This past Saturday my friend and I joined a small group led by David Farner, Park Manager of Fort C.F. Smith Park, for an excellent tour of some of the Civil War forts of Arlington. (We also visited Ft. Marcy, which is technically in Fairfax County, right across the county line from Arlington.) Readers may remember that I have blogged a few times now about the Civil War defenses of Washington, so I won't go over all of the background. By the end of the Civil War, around 68 forts, 90 batteries, and 20 miles of rifle trenches had been constructed to defend the nation's capital. The line came under a major Confederate attack just once, during the Battle of Ft. Stevens in July 1864. Following the war, many of the forts, in Arlington and elsewhere, were dismantled and eventually swallowed up by development. Arlington County has made an effort to preserve at least a few of these forts.
Ft. Ethan Allen
Our first stop was Ft. Ethan Allen Park (3829 N. Stafford St., Arlington, VA 22207). In September 1861, Federal troops under Brigadier General William "Baldy" Smith began construction of Ft. Ethan Allen on land belonging to Gilbert Vanderwerken, a New York transplant who owned and operated Washington's omnibus line. This fort, along with Ft. Marcy, protected the approaches to Washington across Chain Bridge. The fort's perimeter was 736 yards, with 36 gun emplacements. Many famous units were involved with the construction of Ft. Ethan Allen, including the 19th Indiana that was eventually assigned to what became known as the "Iron Brigade"; the "Cameron Highlanders" of the 79th New York, which had seen action at Bull Run and Lewinsville; and the 2nd and 3rd Vermont that wintered at Camp Griffin as part of the Vermont Brigade. Throughout the remainder of the war, heavy artillery units from Massachusetts, New York, Pennsylvania, and other northeastern states garrisoned the fort.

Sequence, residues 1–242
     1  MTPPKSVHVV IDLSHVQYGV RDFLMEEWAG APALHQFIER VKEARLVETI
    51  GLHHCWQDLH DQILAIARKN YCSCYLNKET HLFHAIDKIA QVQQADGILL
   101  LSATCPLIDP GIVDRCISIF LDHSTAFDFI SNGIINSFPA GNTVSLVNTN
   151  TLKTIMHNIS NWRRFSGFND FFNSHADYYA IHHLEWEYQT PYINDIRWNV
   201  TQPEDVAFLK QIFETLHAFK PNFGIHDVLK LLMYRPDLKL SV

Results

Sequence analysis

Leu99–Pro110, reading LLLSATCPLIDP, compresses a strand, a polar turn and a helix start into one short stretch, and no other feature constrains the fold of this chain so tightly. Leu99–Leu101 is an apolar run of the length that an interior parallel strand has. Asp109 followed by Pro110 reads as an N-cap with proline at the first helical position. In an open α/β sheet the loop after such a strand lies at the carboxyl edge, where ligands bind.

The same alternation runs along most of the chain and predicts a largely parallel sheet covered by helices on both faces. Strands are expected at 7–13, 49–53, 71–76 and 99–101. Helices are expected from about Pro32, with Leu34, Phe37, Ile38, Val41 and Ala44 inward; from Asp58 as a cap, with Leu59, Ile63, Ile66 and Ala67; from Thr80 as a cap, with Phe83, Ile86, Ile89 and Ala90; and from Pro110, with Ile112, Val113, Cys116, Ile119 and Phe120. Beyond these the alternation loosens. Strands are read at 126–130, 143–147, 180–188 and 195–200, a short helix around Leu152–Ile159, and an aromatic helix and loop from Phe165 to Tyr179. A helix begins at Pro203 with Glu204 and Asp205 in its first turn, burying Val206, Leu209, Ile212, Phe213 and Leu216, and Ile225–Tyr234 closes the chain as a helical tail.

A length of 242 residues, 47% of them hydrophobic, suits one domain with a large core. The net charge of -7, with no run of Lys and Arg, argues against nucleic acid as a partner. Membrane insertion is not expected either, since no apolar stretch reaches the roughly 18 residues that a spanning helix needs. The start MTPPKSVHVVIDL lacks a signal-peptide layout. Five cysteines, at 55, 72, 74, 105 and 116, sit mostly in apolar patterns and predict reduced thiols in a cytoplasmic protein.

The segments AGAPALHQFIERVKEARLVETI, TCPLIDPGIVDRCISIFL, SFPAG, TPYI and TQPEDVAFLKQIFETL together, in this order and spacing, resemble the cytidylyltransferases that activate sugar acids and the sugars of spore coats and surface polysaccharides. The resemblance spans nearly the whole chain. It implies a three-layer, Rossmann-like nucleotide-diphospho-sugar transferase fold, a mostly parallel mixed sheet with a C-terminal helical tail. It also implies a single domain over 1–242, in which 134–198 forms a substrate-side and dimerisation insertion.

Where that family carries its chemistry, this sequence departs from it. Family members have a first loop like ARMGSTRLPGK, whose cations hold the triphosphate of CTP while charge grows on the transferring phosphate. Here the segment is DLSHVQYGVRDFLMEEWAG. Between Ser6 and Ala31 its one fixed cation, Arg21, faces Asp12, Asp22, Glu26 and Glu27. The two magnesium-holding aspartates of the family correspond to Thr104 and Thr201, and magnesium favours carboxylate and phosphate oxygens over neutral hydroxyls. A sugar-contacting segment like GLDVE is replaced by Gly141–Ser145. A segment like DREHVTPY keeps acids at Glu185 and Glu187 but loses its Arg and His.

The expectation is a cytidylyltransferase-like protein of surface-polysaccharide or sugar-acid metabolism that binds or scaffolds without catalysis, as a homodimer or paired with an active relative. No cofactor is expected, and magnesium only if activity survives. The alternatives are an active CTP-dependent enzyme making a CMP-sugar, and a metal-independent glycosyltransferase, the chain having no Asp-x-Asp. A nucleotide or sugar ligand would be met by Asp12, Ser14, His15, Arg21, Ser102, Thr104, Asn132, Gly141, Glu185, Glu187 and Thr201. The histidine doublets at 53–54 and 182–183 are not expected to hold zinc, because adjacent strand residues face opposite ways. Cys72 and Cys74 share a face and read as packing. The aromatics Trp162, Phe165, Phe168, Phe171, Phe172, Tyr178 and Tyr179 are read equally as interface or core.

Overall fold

|The Vermont soldiers who helped to build the fort named it after Ethan Allen (1738-89), Revolutionary War hero from that state. Here, Allen is seen demanding the surrender of Ft. Ticonderoga in 1775 (courtesy of Wikipedia).|
|Historical marker at the entrance to the park. The southern exterior wall of the fort is visible in the background, behind the treeline.|
|View along the southern wall of the fort (right), with the ditch clearly visible in the middle of the photograph. The ditch helped to impede access to the fort's walls.|
|The mound of earth around tree #9 is the remains of a magazine, where ammunition and powder were stored. This magazine was located just behind the fort's southern wall.|
|Remains of another magazine, close to the eastern side of the fort.|
|A bombproof in the interior of the fort. Only one of two bombproofs remains. A bombproof was a structure where soldiers at the fort could take shelter during an attack.|